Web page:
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Technical Perspective: Finding People in Depth

By James M. Rehg

Communications of the ACM, Vol. 56 No. 1, Page 115

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When the Microsoft Kinect for Xbox 360 was introduced in November 2010, it was an instant success. Via the Kinect, users can control their Xbox through natural body gestures and commands thanks to a depth camera that enables gesture recognition. In contrast to a conventional camera, which measures the color at each pixel location, a depth camera returns the distance to that point in the scene. Depth cameras make it easy to separate the Xbox user from the background of the room, and reduce the complexities caused by color variation, for example, in clothing.

While the role of the depth camera in the success of the Kinect is well-known, what is less well-known is the innovative computer vision technology that underlies the Kinect's gesture recognition capabilities. The following article by Shotton et al. describes a landmark computer vision system that takes a single depth image containing a person and automatically estimates the pose of the person's body in 3D. This novel method for pose estimation is the key to the Kinect's success.

Three important ideas define the Kinect architecture: tracking by detection, data-driven learning, and discriminative part models. These ideas have their origin in object recognition and tracking research from the computer vision community over the past 10 years. Their development in the Kinect has led to some exciting and innovative work on feature representations and training methods. The resulting system is a dramatic improvement over the previous state of the art.

In order to recognize a user's gesture, the Kinect must track the user's motion in a sequence of depth images. An important aspect of the Kinect architecture is that body poses are detected independently in each frame, without incorporating information from previous frames. This tracking by detection approach has the potential for greater robustness because errors made over time are less likely to accumulate. It is enabled by an extremely efficient and reliable solution to the pose estimation problem.

The challenge of pose estimation, as in other vision problems, is to reliably measure the desired variables, while remaining unaffected by other sources of variability. Body pose is described by a vector of joint angles. When you bend your elbow, for example, you are changing one joint angle. However, the appearance of your elbow in a sequence of depth images is affected by many factors: your position and orientation with respect to the camera, the clothing you are wearing, whether your build is thin or stocky, and so forth. An additional challenge comes from the large number of pose variables. Around 30 joint angles are needed to describe the basic configurations of the human body. If each joint could assume only five positions, this would result in 530 possible poses. Fortunately, joints are coupled during coordinated movement, and many achievable poses, such as those found in yoga, are rarely encountered in general settings.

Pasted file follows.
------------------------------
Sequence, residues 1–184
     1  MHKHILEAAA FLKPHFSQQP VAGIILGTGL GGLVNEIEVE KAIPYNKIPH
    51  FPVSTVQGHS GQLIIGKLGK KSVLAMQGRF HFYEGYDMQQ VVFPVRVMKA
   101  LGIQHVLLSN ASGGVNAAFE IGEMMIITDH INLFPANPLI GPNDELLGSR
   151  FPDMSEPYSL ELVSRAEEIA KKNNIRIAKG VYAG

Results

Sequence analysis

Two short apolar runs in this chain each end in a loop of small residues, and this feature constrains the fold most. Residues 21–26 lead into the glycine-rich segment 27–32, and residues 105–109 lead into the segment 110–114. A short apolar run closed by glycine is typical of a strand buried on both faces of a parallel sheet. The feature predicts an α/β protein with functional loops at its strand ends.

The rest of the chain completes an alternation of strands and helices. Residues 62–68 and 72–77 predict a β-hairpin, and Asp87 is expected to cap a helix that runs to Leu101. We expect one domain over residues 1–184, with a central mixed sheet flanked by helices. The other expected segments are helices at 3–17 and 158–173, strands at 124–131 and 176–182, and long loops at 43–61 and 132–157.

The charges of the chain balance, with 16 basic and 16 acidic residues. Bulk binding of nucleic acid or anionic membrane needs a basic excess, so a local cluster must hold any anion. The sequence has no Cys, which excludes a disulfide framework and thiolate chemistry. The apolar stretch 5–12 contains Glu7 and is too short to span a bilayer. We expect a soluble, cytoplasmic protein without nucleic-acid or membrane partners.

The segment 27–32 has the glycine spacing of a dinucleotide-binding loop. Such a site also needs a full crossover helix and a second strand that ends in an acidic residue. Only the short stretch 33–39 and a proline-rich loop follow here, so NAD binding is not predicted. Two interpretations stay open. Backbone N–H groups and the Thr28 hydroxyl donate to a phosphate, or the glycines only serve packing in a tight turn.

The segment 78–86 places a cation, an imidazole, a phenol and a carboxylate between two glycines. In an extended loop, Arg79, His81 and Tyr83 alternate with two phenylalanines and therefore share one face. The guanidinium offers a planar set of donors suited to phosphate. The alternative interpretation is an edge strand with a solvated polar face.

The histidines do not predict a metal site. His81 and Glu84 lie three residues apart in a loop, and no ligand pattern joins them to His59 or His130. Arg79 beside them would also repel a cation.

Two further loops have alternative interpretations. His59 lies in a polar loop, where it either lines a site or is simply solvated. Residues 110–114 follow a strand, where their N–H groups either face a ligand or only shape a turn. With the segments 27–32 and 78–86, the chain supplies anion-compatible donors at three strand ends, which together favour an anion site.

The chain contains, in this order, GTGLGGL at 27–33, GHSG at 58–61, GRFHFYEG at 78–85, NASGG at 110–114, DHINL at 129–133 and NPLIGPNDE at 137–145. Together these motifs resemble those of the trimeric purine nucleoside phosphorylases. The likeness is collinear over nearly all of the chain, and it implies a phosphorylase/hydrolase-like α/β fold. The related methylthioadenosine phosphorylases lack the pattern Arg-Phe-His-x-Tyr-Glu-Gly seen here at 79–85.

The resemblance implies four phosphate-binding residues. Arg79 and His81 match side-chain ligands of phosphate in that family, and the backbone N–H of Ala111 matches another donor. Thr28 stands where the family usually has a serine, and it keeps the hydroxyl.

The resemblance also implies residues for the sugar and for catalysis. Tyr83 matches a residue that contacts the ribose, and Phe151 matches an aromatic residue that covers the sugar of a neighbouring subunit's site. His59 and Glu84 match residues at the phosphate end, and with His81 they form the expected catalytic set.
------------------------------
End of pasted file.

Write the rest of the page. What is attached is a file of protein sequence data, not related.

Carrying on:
The authors employ data-driven learning to address the tremendous variability in pose and appearance. Motion capture data was used to characterize the space of possible poses: actors performed gestures used in gaming (for example, dancing or kicking) and their joint angles were measured, resulting in a dataset of 100,000 poses. Given a single pose, a simulated depth image can be produced by transferring the pose to a character model and rendering the clothing and hair. By varying body types and sizes, and by sampling different clothing and hairstyles, the authors automatically obtained a huge training dataset of depth images.

The final idea is the use of discriminative part models to represent the body pose. Parts are crucial. They decompose the problem of predicting the pose into a series of independent subproblems: given an input depth image, each pixel is labeled with its corresponding part, and the parts are grouped into hypotheses about joint locations. Each pixel can be processed independently in this approach, making it possible to leverage the Xbox GPU and obtain real-time performance. This efficiency is enhanced by a clever feature design.

The Kinect's impact has extended well beyond the gaming market. It has become a popular sensor in the robotics community, where its low cost and ability to support human-robot interaction are hugely appealing. A survey of the two main robotics conferences in 2012 (IROS and ICRA) reveals that among the more than 1,600 papers, 9% mentioned the Kinect. At Georgia Tech, we are using the Kinect to measure children's behavior, in order to support the research and treatment of autism, and other developmental and behavioral disorders.

In summary, the Kinect is a potent combination of innovative hardware and software design, informed by decades of computer vision research. The proliferation of depth camera technology in the coming years will enable new advances in vision-based sensing and support an increasingly diverse set of applications.

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James M. Rehg ([email protected]) is a professor in the School of Interactive Computing at the Georgia Institute of Technology, Atlanta, where he directs the Center for Behavior Imaging and co-directs the Computational Perception Lab.

©2013 ACM  0001-0782/13/01

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